* * * * *

Mr. Ross's letter to me concludes thus: "'De Profundis,' however, even in its present form, is only a fragment. The whole work could not be published in the lifetime of the present generation." This makes, within a month, the third toothsome dish as to which I have had the exasperating news that it is being reserved for that spoiled child, posterity. I may say, however, that I do not regard "De Profundis" as one of Wilde's best books. I was disappointed with it. It is too frequently insincere, and the occasion was not one for pose. And it has another fault. I happened to meet M. Henry Davray several times while he was translating the book into French. M. Davray's knowledge of English is profound, and I was accordingly somewhat disconcerted when one day, pointing to a sentence in the original, he asked, "What does that mean?" I thought, "Is Davray at last 'stumped'?" I examined the sentence with care, and then answered, "It doesn't mean anything." "I thought so," said M. Davray. We looked at each other. M. Davray was an old friend of Wilde's, and was one of the dozen men who attended his desolating funeral. And I was an enthusiastic admirer of Wilde's style at its best. We said no more. But a day or two later a similar incident happened, and yet another.

* * * * *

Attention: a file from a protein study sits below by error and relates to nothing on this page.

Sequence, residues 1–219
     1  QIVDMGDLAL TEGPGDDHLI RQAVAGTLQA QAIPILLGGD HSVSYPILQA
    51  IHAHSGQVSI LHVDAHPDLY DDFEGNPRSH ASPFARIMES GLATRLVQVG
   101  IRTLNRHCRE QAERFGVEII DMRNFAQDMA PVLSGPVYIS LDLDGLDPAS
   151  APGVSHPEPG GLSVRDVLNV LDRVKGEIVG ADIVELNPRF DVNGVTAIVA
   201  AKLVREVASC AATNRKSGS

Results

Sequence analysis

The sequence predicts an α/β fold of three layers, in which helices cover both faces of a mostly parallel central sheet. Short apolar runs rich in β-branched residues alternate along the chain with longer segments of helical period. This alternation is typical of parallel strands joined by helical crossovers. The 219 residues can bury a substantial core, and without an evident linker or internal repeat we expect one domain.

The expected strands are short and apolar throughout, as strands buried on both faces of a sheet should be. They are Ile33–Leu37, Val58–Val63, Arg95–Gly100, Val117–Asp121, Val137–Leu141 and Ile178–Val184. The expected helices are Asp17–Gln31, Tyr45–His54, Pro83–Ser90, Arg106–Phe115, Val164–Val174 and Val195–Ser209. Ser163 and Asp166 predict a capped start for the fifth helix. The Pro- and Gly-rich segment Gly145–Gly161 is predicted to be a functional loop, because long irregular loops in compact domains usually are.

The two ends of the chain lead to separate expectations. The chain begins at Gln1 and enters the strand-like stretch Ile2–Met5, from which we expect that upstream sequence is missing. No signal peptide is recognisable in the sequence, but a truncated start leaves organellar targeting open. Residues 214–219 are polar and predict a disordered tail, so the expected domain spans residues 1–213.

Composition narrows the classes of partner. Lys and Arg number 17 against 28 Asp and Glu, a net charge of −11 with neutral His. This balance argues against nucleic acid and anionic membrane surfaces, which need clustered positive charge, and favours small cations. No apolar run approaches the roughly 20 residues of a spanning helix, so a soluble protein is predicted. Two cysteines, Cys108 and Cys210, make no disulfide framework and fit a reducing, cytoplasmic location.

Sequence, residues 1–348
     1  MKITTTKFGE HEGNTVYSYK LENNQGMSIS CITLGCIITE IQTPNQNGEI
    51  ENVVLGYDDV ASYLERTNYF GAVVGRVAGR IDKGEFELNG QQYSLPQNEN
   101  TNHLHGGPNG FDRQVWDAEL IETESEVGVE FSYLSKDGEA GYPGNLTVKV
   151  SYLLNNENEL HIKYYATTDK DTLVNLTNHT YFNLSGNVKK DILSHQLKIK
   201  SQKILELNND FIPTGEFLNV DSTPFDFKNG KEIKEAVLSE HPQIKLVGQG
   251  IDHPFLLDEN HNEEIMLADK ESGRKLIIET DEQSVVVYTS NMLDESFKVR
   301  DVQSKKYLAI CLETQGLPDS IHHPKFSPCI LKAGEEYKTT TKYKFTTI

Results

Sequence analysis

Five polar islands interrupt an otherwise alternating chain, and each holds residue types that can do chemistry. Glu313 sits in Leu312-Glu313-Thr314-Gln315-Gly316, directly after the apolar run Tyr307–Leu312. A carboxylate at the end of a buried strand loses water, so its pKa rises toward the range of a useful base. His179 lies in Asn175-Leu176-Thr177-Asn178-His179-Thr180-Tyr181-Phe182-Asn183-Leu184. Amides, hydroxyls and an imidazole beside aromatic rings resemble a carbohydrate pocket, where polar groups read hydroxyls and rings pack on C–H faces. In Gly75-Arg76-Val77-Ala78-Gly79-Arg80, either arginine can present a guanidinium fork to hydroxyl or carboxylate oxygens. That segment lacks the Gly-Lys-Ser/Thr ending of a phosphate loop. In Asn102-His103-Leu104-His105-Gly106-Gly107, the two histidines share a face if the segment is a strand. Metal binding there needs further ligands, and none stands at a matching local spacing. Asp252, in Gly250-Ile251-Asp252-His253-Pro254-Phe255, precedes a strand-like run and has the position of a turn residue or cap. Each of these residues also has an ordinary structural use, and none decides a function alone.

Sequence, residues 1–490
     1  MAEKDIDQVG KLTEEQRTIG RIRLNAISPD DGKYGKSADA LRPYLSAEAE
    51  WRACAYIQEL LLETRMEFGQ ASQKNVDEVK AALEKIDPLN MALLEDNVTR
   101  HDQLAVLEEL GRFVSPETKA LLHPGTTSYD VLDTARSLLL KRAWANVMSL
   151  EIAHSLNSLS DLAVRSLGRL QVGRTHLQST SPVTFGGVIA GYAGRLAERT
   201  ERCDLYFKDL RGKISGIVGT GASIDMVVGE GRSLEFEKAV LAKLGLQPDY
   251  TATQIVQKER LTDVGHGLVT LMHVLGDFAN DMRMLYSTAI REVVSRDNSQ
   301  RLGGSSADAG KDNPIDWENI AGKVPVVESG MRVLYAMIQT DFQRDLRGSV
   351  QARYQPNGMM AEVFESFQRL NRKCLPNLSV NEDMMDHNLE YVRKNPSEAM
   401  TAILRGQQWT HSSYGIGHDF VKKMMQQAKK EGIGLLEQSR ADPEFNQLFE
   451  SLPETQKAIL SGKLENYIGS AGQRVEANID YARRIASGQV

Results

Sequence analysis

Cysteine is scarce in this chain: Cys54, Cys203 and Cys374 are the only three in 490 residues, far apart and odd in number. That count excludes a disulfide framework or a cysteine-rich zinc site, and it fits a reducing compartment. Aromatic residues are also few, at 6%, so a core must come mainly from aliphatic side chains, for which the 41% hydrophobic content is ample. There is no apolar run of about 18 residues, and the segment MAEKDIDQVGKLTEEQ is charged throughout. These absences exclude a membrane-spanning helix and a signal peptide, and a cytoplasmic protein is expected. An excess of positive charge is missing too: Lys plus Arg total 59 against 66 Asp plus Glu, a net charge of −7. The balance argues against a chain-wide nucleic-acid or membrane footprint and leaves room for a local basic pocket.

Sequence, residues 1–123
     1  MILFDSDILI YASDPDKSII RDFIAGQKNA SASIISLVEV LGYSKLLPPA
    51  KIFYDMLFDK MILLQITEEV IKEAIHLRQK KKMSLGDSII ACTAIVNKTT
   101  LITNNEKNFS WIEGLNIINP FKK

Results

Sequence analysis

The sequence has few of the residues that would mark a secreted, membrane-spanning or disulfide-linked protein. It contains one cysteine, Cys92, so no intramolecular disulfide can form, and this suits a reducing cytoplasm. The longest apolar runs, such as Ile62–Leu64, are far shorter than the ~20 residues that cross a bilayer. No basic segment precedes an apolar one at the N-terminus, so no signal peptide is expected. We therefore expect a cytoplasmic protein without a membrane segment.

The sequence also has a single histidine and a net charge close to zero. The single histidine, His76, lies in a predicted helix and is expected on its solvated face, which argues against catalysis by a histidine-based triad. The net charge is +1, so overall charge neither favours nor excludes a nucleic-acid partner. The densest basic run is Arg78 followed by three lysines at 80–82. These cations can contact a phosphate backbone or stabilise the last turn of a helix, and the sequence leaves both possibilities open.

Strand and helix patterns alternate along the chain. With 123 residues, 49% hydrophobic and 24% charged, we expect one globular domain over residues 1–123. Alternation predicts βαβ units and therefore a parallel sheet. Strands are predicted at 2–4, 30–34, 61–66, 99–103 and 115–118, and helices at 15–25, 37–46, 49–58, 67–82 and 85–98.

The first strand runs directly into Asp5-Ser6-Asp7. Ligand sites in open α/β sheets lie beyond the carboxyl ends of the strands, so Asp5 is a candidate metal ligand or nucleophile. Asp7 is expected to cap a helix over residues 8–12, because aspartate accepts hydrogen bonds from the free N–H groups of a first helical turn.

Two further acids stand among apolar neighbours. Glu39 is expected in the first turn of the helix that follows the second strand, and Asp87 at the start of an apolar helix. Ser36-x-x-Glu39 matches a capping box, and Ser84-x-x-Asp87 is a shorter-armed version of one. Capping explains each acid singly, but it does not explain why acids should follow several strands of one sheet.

Wilde's letters to Mr. Ross from prison are extremely good. They begin sombrely, but after a time the wit lightens, and towards the end it is playing continually. The first gleam of it is this: "I am going to take up the study of German. Indeed prison seems to be the proper place for such a study." On the subject of the natural life, he says a thing which is exquisitely wise: "Stevenson's letters are most disappointing also. I see that romantic surroundings are the worst surroundings for a romantic writer. In Gower Street Stevenson would have written a new 'Trois Mousquetaires,' in Samoa he writes letters to the _Times about Germans. I see also the traces of a terrible strain to lead a natural life. To chop wood with any advantage to oneself or profit to others, one should not be able to describe the process. In point of fact the natural life is the unconscious life. Stevenson merely extended the sphere of the artificial by taking to digging. The whole dreary book has given me a lesson. If I spend my future life reading Baudelaire in a cafe I shall be leading a more natural life than if I take to hedger's work or plant cacao in mud-swamps."